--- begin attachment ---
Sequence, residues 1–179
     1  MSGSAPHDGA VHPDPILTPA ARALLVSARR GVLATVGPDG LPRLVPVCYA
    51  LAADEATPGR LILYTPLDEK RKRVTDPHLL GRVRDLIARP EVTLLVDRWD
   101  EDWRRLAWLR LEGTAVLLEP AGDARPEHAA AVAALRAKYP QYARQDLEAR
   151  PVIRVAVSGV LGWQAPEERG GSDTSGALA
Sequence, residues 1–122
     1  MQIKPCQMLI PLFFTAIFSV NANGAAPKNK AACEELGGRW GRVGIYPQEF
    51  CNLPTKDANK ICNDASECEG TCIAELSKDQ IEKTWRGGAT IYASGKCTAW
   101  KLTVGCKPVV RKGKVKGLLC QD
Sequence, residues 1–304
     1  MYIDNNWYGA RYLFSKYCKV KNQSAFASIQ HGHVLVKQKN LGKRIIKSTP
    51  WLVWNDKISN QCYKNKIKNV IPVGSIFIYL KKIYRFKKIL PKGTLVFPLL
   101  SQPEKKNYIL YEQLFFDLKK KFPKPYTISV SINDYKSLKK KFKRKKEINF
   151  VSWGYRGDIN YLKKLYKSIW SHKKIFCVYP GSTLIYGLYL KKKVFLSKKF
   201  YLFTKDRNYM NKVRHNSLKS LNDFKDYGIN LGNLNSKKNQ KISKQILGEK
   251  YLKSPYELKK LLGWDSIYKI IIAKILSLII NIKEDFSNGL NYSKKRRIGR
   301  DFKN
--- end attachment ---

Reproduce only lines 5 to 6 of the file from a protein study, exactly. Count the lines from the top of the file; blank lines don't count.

   151  PVIRVAVSGV LGWQAPEERG GSDTSGALA
Sequence, residues 1–122